Prior to coming into exile, there have been some small groups in Tibet who either due to some sectarian allegiance or because of some influence from China tried to destabilize Tibet and expressed dissent from time to time against the institution of Gaden Phodrang. Also during the transition period of each of the Dalai Lama, especially when they were still minor and not enthroned, some vested interests in power did play roles that were not accommodative to different faiths but as soon as His Holiness resumed power, things would come back to normal.

Nevertheless, Gaden Phodrang remained a binding force and legitimate Government of 6 million Tibetans for centuries on the roof of the world. Yet, even despite the best efforts and intentions of His Holiness the Dalai Lama, some individual elements expressed their opposition to Gaden Phodrang from time to time, even in exile, by habit, often forgetting that very platform to disagree is provided by His Holiness the Dalai Lama.!.

Officially, hitherto the administration in Dharamsala was always known as the CTA or Central Tibetan administration. CTA is referred to as 'Tsanjol Boe Shung' which is also translated literally as 'Exile Tibet Government'. The Dalai Lama, however, noted that the Tibetan word 'shung' might not necessarily translate into English as 'government'. Indeed, the word 'shung' also denotes 'centre' and by extension 'central' and the chosen English translation is: 'Central Tibetan Administration.. However, during the amendment of the exile charter by the Parliament, the change of the word in Tibetan from ‘Shung’ to ‘Driktsuk’ meaning an organization or a discipline has caused some shock to the participants of the General Body meeting, whose mandate was overruled by the parliament.

The international Tibet support groups have always supported the issue of Tibet in the light of human rights, rule of law, religious freedom and democracy in Tibet. Their support was never conditioned to the existence of an exile government and therefore, any change in nomenclature may not make so much difference to the support groups across the world.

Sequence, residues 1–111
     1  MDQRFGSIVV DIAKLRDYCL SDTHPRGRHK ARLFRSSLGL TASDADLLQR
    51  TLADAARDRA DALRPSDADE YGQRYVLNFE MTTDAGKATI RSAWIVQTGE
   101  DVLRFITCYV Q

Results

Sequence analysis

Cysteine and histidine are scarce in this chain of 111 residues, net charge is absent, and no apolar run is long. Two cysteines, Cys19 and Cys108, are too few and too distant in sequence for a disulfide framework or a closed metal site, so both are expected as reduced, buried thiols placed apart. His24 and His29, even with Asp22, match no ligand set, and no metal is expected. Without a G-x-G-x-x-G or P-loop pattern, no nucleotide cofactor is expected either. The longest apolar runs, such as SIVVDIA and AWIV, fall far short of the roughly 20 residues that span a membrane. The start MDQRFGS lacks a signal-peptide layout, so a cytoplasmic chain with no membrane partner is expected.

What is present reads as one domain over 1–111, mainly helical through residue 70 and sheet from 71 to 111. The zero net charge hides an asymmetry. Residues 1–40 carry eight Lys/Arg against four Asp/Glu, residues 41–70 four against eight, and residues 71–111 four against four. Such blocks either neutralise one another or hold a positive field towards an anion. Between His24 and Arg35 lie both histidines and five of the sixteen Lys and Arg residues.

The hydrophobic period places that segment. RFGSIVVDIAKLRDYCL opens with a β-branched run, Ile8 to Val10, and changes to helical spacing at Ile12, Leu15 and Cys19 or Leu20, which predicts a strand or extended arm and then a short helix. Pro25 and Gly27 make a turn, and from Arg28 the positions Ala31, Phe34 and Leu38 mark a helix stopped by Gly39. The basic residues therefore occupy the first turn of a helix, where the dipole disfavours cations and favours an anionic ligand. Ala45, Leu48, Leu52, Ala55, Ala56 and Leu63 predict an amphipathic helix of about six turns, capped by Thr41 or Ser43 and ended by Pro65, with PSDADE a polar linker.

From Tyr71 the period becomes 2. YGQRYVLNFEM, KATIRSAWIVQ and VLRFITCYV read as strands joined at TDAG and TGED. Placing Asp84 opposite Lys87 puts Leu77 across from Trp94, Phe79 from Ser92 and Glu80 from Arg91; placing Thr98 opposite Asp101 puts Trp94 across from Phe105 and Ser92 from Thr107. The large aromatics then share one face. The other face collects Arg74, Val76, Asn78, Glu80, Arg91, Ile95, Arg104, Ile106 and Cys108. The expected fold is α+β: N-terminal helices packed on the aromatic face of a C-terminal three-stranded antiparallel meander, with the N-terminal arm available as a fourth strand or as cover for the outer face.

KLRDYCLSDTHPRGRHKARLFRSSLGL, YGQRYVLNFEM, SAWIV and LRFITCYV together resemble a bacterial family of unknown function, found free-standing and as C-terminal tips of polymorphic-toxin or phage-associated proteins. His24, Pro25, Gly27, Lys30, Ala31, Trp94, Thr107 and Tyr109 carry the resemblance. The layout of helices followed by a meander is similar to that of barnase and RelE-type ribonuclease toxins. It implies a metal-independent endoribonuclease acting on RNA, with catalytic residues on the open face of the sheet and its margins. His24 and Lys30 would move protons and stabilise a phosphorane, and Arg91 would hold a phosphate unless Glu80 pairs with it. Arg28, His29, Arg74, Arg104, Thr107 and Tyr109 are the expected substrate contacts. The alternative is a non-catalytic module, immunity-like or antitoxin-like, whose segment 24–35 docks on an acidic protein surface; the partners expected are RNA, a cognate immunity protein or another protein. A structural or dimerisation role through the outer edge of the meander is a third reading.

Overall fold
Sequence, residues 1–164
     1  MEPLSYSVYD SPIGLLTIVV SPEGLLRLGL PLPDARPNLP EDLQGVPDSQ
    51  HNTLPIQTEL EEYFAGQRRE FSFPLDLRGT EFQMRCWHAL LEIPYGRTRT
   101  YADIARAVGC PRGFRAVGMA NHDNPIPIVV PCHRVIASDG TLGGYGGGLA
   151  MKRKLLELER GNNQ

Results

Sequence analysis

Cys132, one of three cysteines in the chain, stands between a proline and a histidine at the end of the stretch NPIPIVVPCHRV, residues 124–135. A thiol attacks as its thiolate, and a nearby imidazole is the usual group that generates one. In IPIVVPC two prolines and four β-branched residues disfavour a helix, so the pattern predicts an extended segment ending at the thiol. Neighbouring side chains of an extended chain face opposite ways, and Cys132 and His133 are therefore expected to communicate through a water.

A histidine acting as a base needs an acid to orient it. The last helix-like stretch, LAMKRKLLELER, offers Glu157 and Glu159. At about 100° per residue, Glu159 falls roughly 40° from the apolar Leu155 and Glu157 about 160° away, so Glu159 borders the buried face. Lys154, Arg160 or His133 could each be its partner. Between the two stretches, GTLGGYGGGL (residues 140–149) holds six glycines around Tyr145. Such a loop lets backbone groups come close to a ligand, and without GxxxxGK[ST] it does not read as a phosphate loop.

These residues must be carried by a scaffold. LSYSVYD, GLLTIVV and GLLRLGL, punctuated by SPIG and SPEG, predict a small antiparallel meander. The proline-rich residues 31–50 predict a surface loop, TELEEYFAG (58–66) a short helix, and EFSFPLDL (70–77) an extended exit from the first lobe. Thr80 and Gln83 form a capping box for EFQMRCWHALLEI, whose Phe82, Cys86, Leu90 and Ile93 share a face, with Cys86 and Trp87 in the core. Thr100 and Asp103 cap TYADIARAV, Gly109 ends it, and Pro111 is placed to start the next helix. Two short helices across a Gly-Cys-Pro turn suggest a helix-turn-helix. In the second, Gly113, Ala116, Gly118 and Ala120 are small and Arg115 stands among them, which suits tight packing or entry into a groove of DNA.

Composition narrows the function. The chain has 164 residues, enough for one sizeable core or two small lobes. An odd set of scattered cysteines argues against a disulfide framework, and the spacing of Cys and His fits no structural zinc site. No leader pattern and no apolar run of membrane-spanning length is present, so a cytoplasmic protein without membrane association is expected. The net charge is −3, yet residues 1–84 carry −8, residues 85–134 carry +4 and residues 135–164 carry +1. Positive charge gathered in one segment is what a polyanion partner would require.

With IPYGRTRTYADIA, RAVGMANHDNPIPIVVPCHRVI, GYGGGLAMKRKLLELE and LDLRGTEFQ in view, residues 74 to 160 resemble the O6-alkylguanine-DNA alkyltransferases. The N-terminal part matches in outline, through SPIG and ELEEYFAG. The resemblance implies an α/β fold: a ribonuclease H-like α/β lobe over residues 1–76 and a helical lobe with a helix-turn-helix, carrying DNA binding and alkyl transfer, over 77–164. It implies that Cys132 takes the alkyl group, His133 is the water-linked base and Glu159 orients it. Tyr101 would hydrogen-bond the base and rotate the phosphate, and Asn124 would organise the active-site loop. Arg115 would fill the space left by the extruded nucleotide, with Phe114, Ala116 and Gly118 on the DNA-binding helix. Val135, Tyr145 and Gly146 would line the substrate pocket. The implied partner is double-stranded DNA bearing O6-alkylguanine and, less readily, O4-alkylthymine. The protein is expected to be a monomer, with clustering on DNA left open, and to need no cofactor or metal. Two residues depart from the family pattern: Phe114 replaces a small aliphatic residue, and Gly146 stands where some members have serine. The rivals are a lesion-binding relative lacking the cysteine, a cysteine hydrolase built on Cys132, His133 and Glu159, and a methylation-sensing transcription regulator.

As far as the resolution to Tibetan issue is concerned, China has been always insisting that His Holiness is the only issue and any solution has to be Dalai Lama oriented. In spite of all their rhetoric against him, they still say that that the dialogue can continue only with the representative of the Dalai Lama. Contact with China in the new millennium has not shown any tangible progress yet the fact remains that the dialogue today is institutionalized and also internationalized and has reached a new level where Chinese leaders acknowledges these official dialogues. Tibetans delegates have put the ball squarely on China’s court and there is no ambiguity.

The Tibetans also have full faith with His Holiness and believe that he will never abandon the interests of his people. Even Mahatma Gandhi did not have any political powers when he forced the greatest empire of that time to leave India. He would usually say that ‘mein to Congress ka char ana ka member bhi nahin hun’ ( I am not even a quarter Ana member of Congress). Yet he was the greatest inspiration of Indian freedom movement and later too.

The biggest impact will be felt by the exile administration. The new situation provides an opportunity and a challenge. There is no time for them now to be lethargic and bask in the glory of the Dalai Lama but work hard to ensure continuity of the exile administration until the issue of Tibet is resolved successfully, to articulate the aspirations of the Tibetans in Tibet and tell the world of the real situation inside Tibet and look after Tibetans in exile. One of the strongest voices, especially by the younger Tibetans in exile during the recent election to the post of Kalon Tripa was - change. His Holiness has now unleashed both an opportunity & a clear path for change and a tryst with destiny.

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The writer is and editorial consultant to Radio Free Asia and Asia Regional Coordinator for the Conservancy of Tibetan Art and Culture (CTAC), an international NGO based in Washington DC, USA.

Reprinted in TPR with permission.